Starving settlers fought back by burning, poisoning and flooding -- all to little success. Religious leaders proclaimed that the locusts were sent to punish settlers for their sins, and they prayed and performed exorcisms to banish the insects -- also to little success. Locust swarms tormented the settlers for more than 30 years.

But then suddenly, at the turn of the century, locusts vanished for mysterious reasons. One hundred years later, in 2004, a Wyoming scientist finally put the clues together and solved the cold case of the disappearing locusts.

Locusts were quickly plowed into extinction -- literally -- when western farming practices collided head-on with the insect's own natural history.

The Rocky Mountain Locust swarms were occasional and erratic. Between irruptions, the population fell back to much smaller levels -- perhaps as few as 10 million locusts -- in areas along the eastern flanks of the Rocky Mountains. While great swarms afflicted the prairies, the core population existed almost exclusively in arable lands along streams -- land that was good for farming.

Threshing machines at work in Judith Basin, MT, circa 1910 (public domain photograph)Farmers moved in and unknowingly (at first) began plowing these same locust core areas for their crops.
Reports of farmers finding locust eggs by the thousands were common. When they turned the soil, they exposed the buried locust eggs to Montana's freezing temperatures. When surviving eggs hatched upside-down in the sod, many hatchlings were too deep to surface and too small to negotiate the broken clumps. And when farmers started planting alfalfa, which requires a lot of water, they grew a non-native crop that was apparently not eaten by locusts, and one that created a moist habitat where locusts could not survive.

The 50,000 farmers of 1890 had the capacity to plow 5% of the locusts' core breeding grounds in just one day. It didn't take long. Breeding grounds were converted into farmland and pasture, and the insects never recovered.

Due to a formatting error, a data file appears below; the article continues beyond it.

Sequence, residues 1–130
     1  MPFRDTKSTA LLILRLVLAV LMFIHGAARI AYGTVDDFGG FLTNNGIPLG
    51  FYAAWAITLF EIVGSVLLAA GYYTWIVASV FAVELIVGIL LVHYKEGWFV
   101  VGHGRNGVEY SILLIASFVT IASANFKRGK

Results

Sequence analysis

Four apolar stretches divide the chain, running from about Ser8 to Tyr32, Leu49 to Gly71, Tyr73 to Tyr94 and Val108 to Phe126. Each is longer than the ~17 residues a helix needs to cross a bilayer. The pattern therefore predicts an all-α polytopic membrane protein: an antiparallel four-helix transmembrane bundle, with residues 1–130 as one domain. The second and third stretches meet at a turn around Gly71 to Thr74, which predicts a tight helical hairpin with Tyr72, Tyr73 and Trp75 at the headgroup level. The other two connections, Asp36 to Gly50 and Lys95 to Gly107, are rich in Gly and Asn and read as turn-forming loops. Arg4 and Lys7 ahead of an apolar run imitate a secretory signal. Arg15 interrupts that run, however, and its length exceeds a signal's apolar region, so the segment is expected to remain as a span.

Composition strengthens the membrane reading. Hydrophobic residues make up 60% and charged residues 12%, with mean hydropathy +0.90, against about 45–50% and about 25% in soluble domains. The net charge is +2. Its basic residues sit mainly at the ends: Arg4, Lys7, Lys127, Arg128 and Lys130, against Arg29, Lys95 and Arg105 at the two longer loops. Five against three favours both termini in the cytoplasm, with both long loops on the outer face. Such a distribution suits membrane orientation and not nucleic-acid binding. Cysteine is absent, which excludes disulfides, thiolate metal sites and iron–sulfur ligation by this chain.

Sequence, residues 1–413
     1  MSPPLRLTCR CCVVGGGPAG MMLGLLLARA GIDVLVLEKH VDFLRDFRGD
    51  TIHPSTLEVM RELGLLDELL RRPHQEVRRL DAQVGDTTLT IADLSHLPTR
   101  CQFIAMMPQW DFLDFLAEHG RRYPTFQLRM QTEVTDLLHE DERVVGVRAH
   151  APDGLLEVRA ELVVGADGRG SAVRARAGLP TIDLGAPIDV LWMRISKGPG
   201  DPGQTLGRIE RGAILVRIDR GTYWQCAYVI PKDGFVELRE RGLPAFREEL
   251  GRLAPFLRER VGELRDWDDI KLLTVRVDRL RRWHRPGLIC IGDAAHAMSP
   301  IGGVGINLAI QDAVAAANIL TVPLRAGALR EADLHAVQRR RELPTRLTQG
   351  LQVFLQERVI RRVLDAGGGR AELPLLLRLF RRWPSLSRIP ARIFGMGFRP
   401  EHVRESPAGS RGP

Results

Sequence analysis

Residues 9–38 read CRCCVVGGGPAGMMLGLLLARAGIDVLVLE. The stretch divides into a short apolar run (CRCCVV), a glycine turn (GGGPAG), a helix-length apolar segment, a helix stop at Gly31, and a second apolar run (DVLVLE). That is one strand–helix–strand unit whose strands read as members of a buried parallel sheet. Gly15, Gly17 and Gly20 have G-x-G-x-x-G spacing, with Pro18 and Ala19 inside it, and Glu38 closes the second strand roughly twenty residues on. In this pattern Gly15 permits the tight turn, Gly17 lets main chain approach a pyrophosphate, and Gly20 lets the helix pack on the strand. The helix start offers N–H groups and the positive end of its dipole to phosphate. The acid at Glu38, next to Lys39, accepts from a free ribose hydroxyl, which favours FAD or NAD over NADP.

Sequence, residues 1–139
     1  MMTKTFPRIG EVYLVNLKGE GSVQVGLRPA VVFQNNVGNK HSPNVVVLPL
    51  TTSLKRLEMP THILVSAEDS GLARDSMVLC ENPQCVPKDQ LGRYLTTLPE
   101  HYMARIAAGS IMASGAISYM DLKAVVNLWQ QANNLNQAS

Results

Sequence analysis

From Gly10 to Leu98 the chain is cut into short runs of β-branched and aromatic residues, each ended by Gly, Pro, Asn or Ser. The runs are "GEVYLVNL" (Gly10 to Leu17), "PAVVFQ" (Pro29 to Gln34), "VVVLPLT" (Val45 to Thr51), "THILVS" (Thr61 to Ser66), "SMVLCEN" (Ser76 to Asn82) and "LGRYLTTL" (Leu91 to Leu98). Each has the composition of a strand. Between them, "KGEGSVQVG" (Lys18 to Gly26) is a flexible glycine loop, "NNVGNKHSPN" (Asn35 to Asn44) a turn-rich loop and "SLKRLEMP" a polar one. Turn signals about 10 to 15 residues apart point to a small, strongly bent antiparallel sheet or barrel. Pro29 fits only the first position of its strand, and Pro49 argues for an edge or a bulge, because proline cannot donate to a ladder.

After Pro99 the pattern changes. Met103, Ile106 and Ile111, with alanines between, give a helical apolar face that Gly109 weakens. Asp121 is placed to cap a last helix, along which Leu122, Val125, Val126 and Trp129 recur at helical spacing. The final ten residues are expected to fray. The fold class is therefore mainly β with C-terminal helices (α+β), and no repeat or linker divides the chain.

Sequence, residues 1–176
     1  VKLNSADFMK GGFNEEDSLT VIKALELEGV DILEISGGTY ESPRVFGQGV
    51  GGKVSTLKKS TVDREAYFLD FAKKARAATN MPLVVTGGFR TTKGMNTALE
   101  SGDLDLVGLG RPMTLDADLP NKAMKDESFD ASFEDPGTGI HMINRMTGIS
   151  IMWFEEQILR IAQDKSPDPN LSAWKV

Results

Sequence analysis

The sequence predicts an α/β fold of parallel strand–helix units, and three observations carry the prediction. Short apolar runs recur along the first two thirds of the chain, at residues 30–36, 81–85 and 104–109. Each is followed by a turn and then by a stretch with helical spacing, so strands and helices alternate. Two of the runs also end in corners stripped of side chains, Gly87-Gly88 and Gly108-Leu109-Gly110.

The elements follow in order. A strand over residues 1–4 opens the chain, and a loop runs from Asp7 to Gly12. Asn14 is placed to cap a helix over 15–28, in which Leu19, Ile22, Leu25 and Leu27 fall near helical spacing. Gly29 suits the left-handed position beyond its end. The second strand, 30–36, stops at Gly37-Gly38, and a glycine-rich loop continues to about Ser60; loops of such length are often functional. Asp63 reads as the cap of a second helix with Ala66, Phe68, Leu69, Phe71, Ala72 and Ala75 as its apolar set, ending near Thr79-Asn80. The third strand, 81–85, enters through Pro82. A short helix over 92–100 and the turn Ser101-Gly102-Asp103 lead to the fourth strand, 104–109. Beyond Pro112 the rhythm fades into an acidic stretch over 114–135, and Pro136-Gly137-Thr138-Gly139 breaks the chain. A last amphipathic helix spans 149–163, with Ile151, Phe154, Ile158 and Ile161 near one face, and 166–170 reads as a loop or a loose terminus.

Native locusts were driven to extinction. Bison narrowly avoided the same fate. Native Americans were intentionally starved and forced onto reservations. Wild fires were fought with little regard for their beneficial effects. And underneath it all, the native prairies were reduced to isolated patches that total less than 1% of what once existed.

But today, the Rocky Mountain Locust is rising once again -- sort of.

Grasshopper Glacier in 1949 (public domain photograph by Barry Park)
In the Beartooth Mountains of southwestern Montana, there lies the remains of the aptly-named "Grasshopper Glacier." (Actually, there are two "Grasshopper Glaciers" and one "Hopper Glacier.") Apparently, when swarms of the migratory locusts flew over the mountain range, many were caught in storms or otherwise perished, and were buried in accumulating snow and ice.

"Grasshopper Glacier" was four miles long in 1914, but now it's only one-quarter of that size. Thanks to the effects of global warming, melting ice is now slowly revealing its cache of millions of long-dead locusts that lived in decades past.

Read more: Why locusts swarm

Behind the bug: You can read all about the Rocky Mountain Locust in professor Jeffrey Alan Lockwood's book, "Locust: The Devestating Rise and Mysterious Disappearance of the Insect That Shaped the American Frontier." If you're into 500+ page government reports, you can download the "Third Report of the United States Entomological Commission" (the most interesting one) at: